The new refugee caseload now joins the Darfur refugees from the east who have lived in Chad for more than 10 years. In looking at the geographic pressures from all sides, Chad prepares to become the Jordan of Africa, the eye of the regional storm.
The media stories have been legion, the words expended many. And yet, as attention shifts elsewhere (even though the children continue to arrive), the real factors that would have made sense of what's been happening remain essentially untouched and largely unmentioned. It couldn't be stranger -- or sadder.
We must not overlook the longer-term needs that will grow out of a refugee crisis of this scale caused by a conflict with no resolution on the horizon.
"There is a huge difference between having the food vouchers and not having them. For us it has been a great help because we arrived here in Ecuador empty-handed. We didn't know where we were going nor what we were going to do."
These are problems that can only be fixed with more funding and resources, and now is the time to respond. Not only are the displaced battling to survive each day, they don't know how long they can stay wherever they are, if they will need to flee again or if their lives will ever return to normal. When and how this ends, nobody knows. What we do know is that humanitarian aid is desperately needed to keep people alive. The road ahead is long and the international community needs to step up now to save Iraq before it falls beyond repair.
I am very privileged to have a passport that allows me to freely move across the world. Many people are not that lucky.
My heart aches as I've learned that of the thousands of Central American children detained at the U.S.-Mexico border this year, as many as 800 are less than five years old -- and as many as 94 of these children aren't even a year old.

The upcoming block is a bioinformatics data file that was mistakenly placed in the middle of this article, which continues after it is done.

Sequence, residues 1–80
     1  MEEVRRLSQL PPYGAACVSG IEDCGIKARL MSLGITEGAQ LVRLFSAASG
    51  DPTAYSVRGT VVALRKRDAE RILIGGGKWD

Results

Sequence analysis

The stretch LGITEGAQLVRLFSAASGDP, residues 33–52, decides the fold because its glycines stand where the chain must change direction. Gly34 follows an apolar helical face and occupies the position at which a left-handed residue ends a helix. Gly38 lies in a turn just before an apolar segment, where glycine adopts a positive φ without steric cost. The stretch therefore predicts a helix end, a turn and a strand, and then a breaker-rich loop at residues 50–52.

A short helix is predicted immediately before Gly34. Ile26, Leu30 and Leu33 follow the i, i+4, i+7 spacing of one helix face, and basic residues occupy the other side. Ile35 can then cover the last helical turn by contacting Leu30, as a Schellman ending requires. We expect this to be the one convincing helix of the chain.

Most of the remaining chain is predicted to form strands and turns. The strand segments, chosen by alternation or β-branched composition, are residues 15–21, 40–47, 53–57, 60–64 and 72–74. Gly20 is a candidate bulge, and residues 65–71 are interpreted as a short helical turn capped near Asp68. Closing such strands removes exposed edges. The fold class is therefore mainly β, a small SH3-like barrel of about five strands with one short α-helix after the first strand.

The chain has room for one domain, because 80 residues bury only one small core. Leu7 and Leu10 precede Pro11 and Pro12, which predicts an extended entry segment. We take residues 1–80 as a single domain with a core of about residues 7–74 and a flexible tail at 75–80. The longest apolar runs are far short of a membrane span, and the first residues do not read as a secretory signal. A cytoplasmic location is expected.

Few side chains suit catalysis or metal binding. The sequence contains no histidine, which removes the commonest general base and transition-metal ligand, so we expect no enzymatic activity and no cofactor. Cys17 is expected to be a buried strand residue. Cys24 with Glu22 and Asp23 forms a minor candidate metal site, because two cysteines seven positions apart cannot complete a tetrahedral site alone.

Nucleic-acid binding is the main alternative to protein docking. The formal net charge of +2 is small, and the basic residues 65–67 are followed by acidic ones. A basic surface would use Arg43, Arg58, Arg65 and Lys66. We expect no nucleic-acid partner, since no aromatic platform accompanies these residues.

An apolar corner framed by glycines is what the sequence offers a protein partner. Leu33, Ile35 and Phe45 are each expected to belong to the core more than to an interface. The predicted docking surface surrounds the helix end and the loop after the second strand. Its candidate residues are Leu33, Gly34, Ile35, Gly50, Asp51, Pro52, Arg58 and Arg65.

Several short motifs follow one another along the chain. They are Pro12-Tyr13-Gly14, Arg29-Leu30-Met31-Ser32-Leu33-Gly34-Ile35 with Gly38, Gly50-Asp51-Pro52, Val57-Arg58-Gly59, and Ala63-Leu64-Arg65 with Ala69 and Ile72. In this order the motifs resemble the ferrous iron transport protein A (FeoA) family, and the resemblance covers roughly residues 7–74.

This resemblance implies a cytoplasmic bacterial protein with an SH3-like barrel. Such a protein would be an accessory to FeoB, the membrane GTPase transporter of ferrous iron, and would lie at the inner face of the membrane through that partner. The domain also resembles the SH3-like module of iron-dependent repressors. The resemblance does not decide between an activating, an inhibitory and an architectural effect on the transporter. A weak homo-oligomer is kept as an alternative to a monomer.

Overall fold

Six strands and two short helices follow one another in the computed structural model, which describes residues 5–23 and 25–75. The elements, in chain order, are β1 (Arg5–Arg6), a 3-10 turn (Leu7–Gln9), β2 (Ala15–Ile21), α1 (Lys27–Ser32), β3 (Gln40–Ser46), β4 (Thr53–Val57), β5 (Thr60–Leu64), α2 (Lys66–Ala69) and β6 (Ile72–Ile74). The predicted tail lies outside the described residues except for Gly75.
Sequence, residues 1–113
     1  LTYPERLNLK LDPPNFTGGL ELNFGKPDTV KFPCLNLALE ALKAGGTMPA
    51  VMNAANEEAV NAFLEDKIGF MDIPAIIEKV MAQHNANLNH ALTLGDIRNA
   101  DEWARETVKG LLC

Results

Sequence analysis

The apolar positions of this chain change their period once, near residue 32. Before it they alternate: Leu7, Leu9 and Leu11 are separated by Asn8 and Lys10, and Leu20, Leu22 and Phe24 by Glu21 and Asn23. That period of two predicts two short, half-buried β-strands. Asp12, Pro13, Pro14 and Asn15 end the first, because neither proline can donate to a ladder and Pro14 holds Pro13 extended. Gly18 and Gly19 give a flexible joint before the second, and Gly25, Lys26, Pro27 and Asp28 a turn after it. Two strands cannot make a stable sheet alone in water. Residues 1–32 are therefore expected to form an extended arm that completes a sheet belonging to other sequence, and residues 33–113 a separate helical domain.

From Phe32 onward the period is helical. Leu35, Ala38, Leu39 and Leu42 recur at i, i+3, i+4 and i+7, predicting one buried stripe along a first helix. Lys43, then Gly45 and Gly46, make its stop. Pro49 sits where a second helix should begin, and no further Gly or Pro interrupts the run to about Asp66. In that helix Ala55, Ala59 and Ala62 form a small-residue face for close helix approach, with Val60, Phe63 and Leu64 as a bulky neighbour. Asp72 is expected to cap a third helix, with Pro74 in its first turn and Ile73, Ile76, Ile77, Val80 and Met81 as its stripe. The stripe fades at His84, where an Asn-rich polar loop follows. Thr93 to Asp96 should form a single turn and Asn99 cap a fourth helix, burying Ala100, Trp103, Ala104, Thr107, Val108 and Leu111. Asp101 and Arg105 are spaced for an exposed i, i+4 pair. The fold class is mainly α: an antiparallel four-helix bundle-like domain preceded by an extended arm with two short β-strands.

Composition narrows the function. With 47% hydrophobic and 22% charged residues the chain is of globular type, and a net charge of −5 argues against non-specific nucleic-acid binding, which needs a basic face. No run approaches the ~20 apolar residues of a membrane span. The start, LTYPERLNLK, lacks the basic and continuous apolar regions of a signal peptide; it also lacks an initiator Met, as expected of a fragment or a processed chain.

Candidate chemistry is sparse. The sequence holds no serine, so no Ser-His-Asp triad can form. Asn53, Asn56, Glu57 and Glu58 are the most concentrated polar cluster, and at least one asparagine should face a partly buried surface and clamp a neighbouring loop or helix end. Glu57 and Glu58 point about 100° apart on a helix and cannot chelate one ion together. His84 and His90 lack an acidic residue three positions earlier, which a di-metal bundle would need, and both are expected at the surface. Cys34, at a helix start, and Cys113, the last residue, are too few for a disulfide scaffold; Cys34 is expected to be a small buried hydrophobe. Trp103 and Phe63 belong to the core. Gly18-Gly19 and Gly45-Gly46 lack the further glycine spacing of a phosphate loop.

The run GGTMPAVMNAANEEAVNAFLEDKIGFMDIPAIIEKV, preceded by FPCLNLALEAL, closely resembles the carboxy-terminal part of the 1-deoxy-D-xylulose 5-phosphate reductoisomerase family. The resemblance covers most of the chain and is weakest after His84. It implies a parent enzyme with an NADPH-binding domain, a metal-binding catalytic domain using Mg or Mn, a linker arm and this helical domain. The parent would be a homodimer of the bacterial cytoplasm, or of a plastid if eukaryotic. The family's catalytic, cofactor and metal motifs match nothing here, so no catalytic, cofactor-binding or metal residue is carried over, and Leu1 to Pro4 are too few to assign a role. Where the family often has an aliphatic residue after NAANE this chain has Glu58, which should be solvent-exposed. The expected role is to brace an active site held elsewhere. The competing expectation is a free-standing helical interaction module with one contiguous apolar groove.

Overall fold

The debate over the large-scale migration of children from Honduras, Guatemala, El Salvador and Mexico has characteristically devolved into political theater. The evidence builds regarding the dangers that have driven the children's flight.
When we cut courts funding, the criminal-court side of the system gets first call on resources -- it has all those pesky constitutional guarantees that prevent years of backlog. So civil courts get less and less.
The plight of Palestinians living in Syria -- at least 520,000 at the beginning of the conflict -- should not be ignored. Countries neighboring Syria, including Jordan and Lebanon, should drop entry restrictions on Palestinians, and all governments should suspend deportations of Palestinians to Syria for now.
The United States and Russia should accelerate their efforts in this direction before it is too late. Let's put an end to historical or territorial recriminations. Both Azerbaijan and Armenia have enough territory to survive and prosper. And without each other, neither country will reach its true potential -- economic or otherwise.
I saw firsthand the pain of refugees knocking at our nation's door trying to stay alive. We can't forget that this debate must be centered on the simple fact that they're human beings.
Children reaching the United States should be considered refugees and be granted temporary protected status until they can be guaranteed a safe return to their homes.
The children at the border are only a symptom of a crisis of extreme violence in Central America and a crisis inside the Beltway caused by a dysfunctional Congress that misses opportunity after opportunity to fix our broken immigration laws. This is a life and death issue.
The wars in former Yugoslavia led to an enormous displacement of people. Even before the war broke in Bosnia, nearly 300,000 refugees from that multi-confessional region flooded into Croatia.
Despite global praise for Burma's democratic reforms, the country hasn't resolved its decades-long legacy of ethnic persecution. Burma's refugees fear what will happen to them next.